ab

Share this post


Link to post
Share on other sites

I like this quote from the Times article posted above:

"Rightmove said that prices were being driven by heightened demand from buyers at the upper end of the market, but that there were indications that the “spring surge” was losing some momentum."

The dead cat bounce! :lol::lol::lol:

Share this post


Link to post
Share on other sites
He sounds to me like he's trying to say that a relatively small proportion of the market is distorting the overall picture, producing a misleading headline figure.

For example, Rightmove claim a 13.5% rise in asking prices in Cambridge, yet only a 5.2% rise in East Anglia.

I think this happens even more locally than that. Take for instance property in Brighouse, West Yorkshire. Two houses near where I rent, probably the most affluent in Brighouse, sold within days for their asking price. Most other areas of Brighouse are seeing quite big reductions and selling times are rather high. Because the affluent areas are more expensive it is distorting the picture and giving the local papers better housing headlines.

Share this post


Link to post
Share on other sites

For the general good of the nation, I'm as interested in house prices returning to normal as much as the next person (with the possible exception of Realist Bear), but I would be interested to see how often since the inception of this forum that an event or piece of news that has been hailed as being "... the start of the decline".

Top of my head, I can think of:

- Oil reaching USD 50 per barrell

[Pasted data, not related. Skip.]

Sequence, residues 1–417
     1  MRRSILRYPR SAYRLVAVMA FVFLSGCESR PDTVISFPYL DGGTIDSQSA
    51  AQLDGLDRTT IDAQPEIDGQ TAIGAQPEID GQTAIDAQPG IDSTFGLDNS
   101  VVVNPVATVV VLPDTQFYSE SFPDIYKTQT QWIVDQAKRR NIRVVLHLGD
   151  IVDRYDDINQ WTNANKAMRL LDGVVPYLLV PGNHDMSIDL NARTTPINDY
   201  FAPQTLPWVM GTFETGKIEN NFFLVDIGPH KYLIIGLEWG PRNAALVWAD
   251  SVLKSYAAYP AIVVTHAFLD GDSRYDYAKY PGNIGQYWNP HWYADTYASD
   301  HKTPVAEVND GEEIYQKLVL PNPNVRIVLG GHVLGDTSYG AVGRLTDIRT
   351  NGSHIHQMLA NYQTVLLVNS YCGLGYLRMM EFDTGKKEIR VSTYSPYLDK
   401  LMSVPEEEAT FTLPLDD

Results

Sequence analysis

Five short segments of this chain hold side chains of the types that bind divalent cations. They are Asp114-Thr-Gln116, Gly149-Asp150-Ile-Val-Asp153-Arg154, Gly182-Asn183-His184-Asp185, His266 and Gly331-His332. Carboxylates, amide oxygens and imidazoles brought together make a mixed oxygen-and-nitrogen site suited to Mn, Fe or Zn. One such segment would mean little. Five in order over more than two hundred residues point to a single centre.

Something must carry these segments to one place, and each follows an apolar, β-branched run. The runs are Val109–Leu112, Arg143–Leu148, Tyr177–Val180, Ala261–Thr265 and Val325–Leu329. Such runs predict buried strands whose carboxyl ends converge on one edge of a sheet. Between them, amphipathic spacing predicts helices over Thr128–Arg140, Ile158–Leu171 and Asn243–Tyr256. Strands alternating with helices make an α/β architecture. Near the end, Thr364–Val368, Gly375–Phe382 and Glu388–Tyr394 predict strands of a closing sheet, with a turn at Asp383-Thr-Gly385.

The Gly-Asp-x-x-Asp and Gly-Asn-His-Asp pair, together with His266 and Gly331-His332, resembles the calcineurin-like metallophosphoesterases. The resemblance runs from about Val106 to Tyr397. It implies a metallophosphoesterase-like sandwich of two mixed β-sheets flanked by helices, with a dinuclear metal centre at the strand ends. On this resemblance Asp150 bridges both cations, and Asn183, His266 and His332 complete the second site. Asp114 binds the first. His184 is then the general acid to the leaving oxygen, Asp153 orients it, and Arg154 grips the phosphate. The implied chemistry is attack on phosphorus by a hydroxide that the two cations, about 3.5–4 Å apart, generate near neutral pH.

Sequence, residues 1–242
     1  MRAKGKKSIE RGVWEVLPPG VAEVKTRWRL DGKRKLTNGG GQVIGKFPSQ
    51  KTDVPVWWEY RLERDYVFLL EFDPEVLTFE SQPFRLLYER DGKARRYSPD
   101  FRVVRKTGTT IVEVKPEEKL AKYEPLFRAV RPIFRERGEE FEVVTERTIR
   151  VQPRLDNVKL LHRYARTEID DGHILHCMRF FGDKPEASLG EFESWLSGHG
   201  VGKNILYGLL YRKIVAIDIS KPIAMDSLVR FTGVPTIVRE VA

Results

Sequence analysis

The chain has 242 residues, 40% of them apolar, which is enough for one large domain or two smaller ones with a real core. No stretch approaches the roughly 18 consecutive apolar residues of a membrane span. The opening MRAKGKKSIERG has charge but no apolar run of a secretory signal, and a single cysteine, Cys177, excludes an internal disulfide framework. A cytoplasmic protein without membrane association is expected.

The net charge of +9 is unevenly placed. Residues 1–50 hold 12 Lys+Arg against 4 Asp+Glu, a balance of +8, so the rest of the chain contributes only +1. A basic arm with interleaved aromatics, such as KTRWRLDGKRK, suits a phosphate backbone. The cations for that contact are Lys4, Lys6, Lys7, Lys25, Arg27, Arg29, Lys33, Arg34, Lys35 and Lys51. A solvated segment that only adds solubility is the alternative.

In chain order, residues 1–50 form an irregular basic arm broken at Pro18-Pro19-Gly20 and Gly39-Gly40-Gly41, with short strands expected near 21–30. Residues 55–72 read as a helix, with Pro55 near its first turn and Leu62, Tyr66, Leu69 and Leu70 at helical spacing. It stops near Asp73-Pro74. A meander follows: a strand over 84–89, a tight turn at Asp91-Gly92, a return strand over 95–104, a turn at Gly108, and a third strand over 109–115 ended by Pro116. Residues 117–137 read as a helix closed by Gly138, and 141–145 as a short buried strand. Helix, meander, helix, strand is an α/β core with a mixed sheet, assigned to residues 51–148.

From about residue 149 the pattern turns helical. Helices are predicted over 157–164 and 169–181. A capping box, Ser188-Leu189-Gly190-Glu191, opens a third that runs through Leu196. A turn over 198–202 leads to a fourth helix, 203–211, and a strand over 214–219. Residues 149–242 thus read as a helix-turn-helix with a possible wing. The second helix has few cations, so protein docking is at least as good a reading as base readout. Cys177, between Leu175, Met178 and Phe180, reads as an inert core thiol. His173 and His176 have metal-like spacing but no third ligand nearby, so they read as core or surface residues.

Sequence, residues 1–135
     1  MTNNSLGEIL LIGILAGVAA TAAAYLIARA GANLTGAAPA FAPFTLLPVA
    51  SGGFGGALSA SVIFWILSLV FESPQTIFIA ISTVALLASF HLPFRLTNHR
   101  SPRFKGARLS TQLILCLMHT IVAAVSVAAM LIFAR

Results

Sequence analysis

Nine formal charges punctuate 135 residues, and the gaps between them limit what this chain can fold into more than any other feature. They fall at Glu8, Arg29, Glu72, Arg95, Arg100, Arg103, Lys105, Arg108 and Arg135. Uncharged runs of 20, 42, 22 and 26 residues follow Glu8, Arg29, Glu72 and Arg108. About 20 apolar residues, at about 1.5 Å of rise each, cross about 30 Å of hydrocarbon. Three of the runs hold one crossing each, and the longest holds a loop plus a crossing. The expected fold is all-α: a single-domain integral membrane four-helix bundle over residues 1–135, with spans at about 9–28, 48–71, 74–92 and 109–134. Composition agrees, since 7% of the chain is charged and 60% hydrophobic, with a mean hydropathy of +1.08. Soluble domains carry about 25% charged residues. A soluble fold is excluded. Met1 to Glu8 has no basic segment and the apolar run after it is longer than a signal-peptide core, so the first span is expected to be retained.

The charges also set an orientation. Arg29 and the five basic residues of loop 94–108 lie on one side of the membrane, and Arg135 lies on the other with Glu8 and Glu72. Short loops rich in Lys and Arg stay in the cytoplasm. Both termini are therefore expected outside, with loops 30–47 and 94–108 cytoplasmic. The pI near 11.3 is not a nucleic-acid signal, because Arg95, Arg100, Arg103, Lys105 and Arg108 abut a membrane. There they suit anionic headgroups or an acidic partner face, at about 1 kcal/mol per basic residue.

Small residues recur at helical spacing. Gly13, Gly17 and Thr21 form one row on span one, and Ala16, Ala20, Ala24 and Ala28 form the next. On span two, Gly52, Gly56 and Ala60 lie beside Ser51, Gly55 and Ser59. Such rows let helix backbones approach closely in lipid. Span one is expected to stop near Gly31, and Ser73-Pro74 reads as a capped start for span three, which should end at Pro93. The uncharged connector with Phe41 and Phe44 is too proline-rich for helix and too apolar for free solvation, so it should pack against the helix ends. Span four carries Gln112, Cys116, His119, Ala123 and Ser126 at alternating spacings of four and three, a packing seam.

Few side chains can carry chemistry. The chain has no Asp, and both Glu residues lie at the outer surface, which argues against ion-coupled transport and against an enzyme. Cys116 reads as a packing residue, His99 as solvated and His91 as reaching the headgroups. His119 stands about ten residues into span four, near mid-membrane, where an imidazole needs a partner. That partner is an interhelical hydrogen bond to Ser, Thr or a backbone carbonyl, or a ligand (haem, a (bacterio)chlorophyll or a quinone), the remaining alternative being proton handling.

- SIPS not accepting property anymore

- Iraq (many times)

- Iran (ditto)

- Nigeria (ditto)

- Oil reaching USD 60 per barrell

- Japan possibly thinking about the possibility of increasing interest rates

- Each of the last 8 US interest rate hikes

- Adecdotes: selectively remembered from pissy dinner parties

- The number of guests of HPC (really stretching there)

- The number of bullish posts on HPC in March / April

- HIPS

- Better yields in gold, palladium, etc

- Dr Bubb's chartism

- Sydney Morning Herald articles

- Australian Financial Review articles

- UK CPI data basket of goods changing

Etc.

And how often have these "leading indicators" been correct... the only one that seems to make sense is the mortgage approvals data which King of Nowhere et al. put together a month or so ago. That was pretty good.

ab

You've forgotten my personal favourite...bird flu.

The cheering on from the sidelines by the HPC hardline fundamentalists of a pandemic that could wipe out millions of lives just so they could afford a house was pure comedy.

:D

Edited by devslim

Share this post


Link to post
Share on other sites

You've forgotten my personal favourite...bird flu.

The cheering on from the sidelines by the HPC hardline fundamentalists of a pandemic that could wipe out millions of lives just so they could afford a house was pure comedy.

:D

Whats comedy? Thats life mate. People look after number 1. Its in our nature. Survival of the fitest. You die of bird flu..... tough luck.

Share this post


Link to post
Share on other sites

Join the conversation

You can post now and register later. If you have an account, sign in now to post with your account.

Guest
Reply to this topic...

×   Pasted as rich text.   Paste as plain text instead

  Only 75 emoji are allowed.

×   Your link has been automatically embedded.   Display as a link instead

×   Your previous content has been restored.   Clear editor

×   You cannot paste images directly. Upload or insert images from URL.

Loading...
Sign in to follow this  

  • Recently Browsing   0 members

    No registered users viewing this page.

  • 301 Brexit, House prices and Summer 2020

    1. 1. Including the effects Brexit, where do you think average UK house prices will be relative to now in June 2020?


      • down 5% +
      • down 2.5%
      • Even
      • up 2.5%
      • up 5%



×
×
  • Create New...

Important Information

We have placed cookies on your device to help make this website better. You can adjust your cookie settings, otherwise we'll assume you're okay to continue.